Yeah, so it’s day seven and I’m pretty sure I have nothing more that’s interesting to say to you people. I go down my list of blog ideas and reject each one, convinced that they’re boring, repetitive, precious, stupid, overwrought, snobby, etc, etc. This is how my internal editor manifests.
So where do we go from here, folks? Why am I “talking” in this way, that is, through these blogs? I keep getting tangled up in the question of meaning: What is blogging for? What is writing for? What is creative expression for? I tend to assume that writing is a commodity, the currency I’m supposed to exchange for fame, attention, money, posterity. But the fact is, only a small percentage of people who write stuff actually become famous (much less wealthy). So what do the rest of us do?
Writing for its own sake is a hard concept for me to understand. Which tells me, again, that my tendency is to view the world from the “outside in” rather than from the “inside out” – looking outside myself for meaning and purpose rather than inside.
A friend once asked me, “How would you want to feel, if you were on the New York Times bestseller list?” I return to this question again and again. What kind of emotional or spiritual experiences do I want to have as a result of my writing, and are they possible only through generally accepted markers of “success”?
- I want to feel connected to other people, like I’m writing about things they’ve experienced, too, and that we both recognize it. I love it when you guys leave comments, because it’s less like I’m talking in a virtual, empty room.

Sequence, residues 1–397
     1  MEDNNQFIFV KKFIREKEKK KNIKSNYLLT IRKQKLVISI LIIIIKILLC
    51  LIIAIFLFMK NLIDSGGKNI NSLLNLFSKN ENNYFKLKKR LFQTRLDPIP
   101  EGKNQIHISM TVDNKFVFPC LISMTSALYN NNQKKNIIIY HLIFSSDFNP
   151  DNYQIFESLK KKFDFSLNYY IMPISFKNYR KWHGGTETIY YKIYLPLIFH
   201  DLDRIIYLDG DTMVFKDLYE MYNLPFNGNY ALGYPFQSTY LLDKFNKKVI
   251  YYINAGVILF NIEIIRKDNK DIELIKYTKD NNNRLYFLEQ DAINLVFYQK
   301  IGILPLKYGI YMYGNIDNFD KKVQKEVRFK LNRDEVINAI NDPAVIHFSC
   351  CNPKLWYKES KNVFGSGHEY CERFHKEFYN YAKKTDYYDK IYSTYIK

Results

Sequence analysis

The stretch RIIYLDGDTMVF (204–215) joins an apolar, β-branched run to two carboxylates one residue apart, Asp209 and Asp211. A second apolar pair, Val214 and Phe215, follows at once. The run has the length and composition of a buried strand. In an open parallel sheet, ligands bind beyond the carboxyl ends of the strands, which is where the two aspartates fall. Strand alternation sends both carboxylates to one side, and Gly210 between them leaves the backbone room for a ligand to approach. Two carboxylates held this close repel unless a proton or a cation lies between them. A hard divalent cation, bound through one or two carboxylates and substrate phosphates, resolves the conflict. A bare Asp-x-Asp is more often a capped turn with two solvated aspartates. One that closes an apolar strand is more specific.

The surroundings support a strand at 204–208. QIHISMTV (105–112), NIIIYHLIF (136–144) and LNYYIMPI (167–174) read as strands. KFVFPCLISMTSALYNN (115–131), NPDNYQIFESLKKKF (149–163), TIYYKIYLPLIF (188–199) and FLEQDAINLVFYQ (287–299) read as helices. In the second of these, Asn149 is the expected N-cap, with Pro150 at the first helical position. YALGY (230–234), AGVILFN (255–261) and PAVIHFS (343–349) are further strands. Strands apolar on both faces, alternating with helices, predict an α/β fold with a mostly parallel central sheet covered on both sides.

- I want to feel vital. Dynamic. Alive. Like I’m growing.
- I want attention. Preferably positive. This one is sticky, since wanting attention is usually judged as something childish. And how much attention is enough?
- I want to flex my writing muscles, to practice the skills I already have and tackle new ones.
- I want to join the long line of writers – all those people who have made marks on paper in an attempt to communicate.
I can access some of these feelings and experiences right now, just by blogging. I don’t have to wait for the New York Times or for Oprah. I don’t have to worry about how many people are following my blog – I can enjoy those of you who already are. This is comforting.
But there’s still the nagging question: How to balance radical acceptance (I am most likely not going to be the next wildly successful book author) with ambition (I am going to continue to write and work to put my writing out there in wider and wider circles)?
What do you think? The floor is open for comment.